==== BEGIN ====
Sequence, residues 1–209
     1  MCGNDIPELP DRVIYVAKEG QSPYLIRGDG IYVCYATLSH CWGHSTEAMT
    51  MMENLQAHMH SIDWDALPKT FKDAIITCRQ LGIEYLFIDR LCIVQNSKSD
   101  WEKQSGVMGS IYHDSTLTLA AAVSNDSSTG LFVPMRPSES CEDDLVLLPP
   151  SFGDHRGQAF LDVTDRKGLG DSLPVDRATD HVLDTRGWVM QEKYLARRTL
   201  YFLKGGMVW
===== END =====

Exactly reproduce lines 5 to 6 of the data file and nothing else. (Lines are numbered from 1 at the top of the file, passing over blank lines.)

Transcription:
   151  SFGDHRGQAF LDVTDRKGLG DSLPVDRATD HVLDTRGWVM QEKYLARRTL
   201  YFLKGGMVW